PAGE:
The need to fit in on campus

Scenario 1 Nightclubs, long nights of partying, music and smoking. This is what college student Ahmad Mustafa became addicted to after befriending a group of people whom he said "knew how to enjoy life and have fun".

Marwan Saeed, a student at the American University of Sharjah, knew Mustafa before he fell into the rhythm of his new life. "He started to go to nightclubs just for fun," he said.

"After a while he started drinking. Those he was hanging out with had a strong negative influence over him. In the end he fell under the spell of their nightlife."

Scenario 2
Mehvish Shahzad, a student at Skyline College, is fun and intelligent. She always tries to help others, is there for her friends, does well in her studies and avoids what she calls "bad company".

"I have a good friend who is always there to say a kind word, give me advice and look after me. She always has a positive effect on me," she said.

T wo words can sum up what these two different scenarios are all about: Peer pressure. Many of us fall victim to peer pressure. It is very natural.

We all want to fit in, to look thin, beautiful, be cool, become successful and to simply belong. Nobody wants to be shunned or considered an outcast.

During our college years, students are constantly searching for an identity, a goal and an enriching social life, which is why many fall under the influence of their peers.

"Almost all human beings are influenced in some way or another by their friends and the groups they belong to," said Dr Leijla Vrazalic, assistant professor of the College of Business at the University of Wollongong in Dubai (UOWD), and coordinator of the Project for Enhancement of Learning and Teaching (PELT).

Many give in

She said: "Most people give in to peer pressure because of their desire to fit in and be one of the crowd. There is a fear of standing out, being an outsider or being made fun of. Generally, people prefer to conform rather than stand out."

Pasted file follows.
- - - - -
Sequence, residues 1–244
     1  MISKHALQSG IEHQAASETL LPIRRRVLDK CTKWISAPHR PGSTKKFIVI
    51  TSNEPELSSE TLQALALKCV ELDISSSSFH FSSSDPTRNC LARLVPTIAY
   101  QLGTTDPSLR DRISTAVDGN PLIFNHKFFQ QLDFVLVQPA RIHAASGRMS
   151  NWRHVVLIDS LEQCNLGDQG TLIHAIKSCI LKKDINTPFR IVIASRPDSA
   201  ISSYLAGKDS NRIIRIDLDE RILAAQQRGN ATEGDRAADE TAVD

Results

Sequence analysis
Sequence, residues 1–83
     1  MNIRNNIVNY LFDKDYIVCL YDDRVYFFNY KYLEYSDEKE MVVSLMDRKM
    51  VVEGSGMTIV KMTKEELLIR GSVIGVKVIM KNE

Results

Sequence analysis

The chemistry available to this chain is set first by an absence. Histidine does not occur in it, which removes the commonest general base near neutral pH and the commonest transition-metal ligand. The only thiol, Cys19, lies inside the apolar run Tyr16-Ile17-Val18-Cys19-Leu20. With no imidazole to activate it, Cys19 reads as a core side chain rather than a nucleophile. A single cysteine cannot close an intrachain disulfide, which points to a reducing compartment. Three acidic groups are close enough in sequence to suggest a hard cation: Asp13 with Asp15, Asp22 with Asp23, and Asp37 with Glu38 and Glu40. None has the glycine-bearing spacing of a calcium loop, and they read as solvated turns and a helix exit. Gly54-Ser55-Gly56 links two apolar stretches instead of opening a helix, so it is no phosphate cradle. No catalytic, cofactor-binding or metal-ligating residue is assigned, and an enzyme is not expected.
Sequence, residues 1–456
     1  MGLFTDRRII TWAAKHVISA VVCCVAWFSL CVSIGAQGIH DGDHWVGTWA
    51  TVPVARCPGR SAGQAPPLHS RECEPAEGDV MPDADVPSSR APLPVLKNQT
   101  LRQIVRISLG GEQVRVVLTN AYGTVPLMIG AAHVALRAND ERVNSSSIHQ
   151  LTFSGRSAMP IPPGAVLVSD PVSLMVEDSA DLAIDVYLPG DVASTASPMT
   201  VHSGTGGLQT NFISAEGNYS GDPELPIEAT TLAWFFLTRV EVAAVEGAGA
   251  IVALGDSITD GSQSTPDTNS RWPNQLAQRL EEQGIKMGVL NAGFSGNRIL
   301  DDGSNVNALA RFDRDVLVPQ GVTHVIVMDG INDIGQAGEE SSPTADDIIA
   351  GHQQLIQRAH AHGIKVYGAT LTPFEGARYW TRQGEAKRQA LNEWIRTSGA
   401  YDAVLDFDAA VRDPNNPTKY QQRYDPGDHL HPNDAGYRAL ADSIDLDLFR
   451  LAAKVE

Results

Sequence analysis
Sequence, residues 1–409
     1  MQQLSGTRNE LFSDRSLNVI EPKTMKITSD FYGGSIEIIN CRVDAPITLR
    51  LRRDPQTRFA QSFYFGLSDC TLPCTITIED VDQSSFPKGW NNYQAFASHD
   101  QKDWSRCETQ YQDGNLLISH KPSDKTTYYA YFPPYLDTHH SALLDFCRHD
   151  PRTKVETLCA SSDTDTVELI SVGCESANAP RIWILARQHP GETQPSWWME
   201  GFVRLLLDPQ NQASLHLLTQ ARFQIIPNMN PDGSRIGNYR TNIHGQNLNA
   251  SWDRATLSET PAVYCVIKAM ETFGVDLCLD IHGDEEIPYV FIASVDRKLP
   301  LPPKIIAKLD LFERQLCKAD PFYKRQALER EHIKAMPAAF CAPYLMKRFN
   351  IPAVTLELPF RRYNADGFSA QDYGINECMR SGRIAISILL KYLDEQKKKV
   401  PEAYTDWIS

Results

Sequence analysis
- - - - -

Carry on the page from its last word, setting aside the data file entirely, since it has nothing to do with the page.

Peer pressure results from association. "For example, you may find that you change your dress style when you move from one job to another, or when you hang out with certain types of people who have a certain style.

"You do not make a conscious effort. You just want to fit in better with your surroundings," Vrazalic said.

Saeed, who is about to graduate, said students may conform to whatever their peers do, whether right or wrong, because it means they are one step away from loneliness.

Suhad Hatem, a student at UOWD, said students are always searching for an independent character for themselves.

"They always try to outperform others and show those in their age group that they have been able to achieve the unachievable," she said.

"This puts so much pressure on other students who want to join these groups and become the best."
Peer pressure manifests itself in various forms. Some are positive and others are negative.

"For example, some students will start missing classes because their friends don't go and it's not considered cool to attend lectures," said Vrazalic.